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2.11 Challenges for Successors in Interest

It can be particularly challenging to prevent a foreclosure when the owner inherited a home or was awarded it in a divorce. Often these homeowners were not the original borrower on the mortgage loan but have lived in the house for years, or even decades. These homeowners are called “successors in interest” or “successors” because they succeeded to ownership of the home after a death or family breakup. Federal law prevents the creditor from invoking a “due on sale” clause based on such a transfer.223 But successors in interest face numerous problems when dealing with mortgage servicers. These include: communication issues; unreasonable documentation requirements; the inability to obtain workouts with assumptions; limited access for domestic violence survivors; limited foreclosure protections; and fewer enforceable rights.

The first challenge typically encountered by a successor is simply obtaining information from the servicer. Many servicers will refuse to talk to successors or will provide only limited information until the successor has provided certain documentation. Under the Real Estate Settlement Procedures Act (RESPA), a servicer has the right to ask a successor to provide documentation showing that they own the house and that they became the owner of the house through an intra-family transfer that enables them to continue paying on the mortgage.224 However, servicers often request proof of ownership that is difficult or impossible to obtain, refuse to accept a document that is legally sufficient to prove ownership, or request the same documents over and over again.

Many times, the transfer of ownership through a death or family breakup coincides with a loss of income that causes the successor to fall behind on the mortgage payments. Often the successor needs a loan modification, to bring the loan current and adjust the payment to an affordable level, and could qualify for one under existing modification programs. These modifications not only benefit the homeowner but also provide community stability through reduced foreclosures and vacancies, as well as financial benefits to investors provided by performing loans. Yet a substantial number of these successors currently face foreclosure due to widespread confusion about their rights and options.225 Successors are often told by servicers that, as a non-borrower, it is not possible for them to obtain a loan modification. Typically this is not true. The loan modification rules that apply to the vast majority of residential mortgages, including GSE and FHA loans, require a successor in interest after a death or divorce to be evaluated for a modification under the same rules that apply to the borrower. If they qualify for the modification based on documented household income, the servicer should approve the successor for a simultaneous loan modification and assumption.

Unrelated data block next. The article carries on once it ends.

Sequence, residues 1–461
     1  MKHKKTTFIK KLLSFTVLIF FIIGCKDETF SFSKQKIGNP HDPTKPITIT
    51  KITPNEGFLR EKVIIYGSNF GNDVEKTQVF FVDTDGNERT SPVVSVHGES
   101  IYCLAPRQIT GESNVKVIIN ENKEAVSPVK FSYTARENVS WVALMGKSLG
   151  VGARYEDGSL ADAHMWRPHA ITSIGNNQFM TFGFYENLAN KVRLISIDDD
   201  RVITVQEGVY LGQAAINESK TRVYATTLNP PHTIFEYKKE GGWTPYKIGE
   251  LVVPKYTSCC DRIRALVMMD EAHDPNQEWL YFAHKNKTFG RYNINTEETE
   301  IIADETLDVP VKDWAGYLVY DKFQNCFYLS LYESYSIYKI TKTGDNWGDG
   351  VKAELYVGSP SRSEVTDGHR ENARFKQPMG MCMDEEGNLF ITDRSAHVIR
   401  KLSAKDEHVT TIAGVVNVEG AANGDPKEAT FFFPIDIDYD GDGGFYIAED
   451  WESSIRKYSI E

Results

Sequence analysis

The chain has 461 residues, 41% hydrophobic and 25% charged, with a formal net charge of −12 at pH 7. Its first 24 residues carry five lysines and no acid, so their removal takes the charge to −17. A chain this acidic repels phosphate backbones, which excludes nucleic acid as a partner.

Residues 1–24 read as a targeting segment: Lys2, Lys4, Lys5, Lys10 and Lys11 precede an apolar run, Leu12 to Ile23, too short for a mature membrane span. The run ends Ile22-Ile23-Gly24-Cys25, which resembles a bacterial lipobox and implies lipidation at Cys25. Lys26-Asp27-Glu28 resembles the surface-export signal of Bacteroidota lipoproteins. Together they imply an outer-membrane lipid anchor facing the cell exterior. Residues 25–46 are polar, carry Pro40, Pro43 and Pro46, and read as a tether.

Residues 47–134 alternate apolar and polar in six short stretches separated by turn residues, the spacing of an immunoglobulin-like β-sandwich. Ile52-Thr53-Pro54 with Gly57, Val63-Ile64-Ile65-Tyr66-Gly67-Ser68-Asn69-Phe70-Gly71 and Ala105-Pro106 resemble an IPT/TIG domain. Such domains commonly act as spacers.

Sometimes a successor in interest progresses in the modification process so as to actually receive a trial period plan and make payments pursuant to that plan, only to then receive a modification agreement in the name of the absent (or deceased) borrower. Servicers sometimes refuse to correct this mistake, and insist that the modification will not be honored without the original borrower’s signature.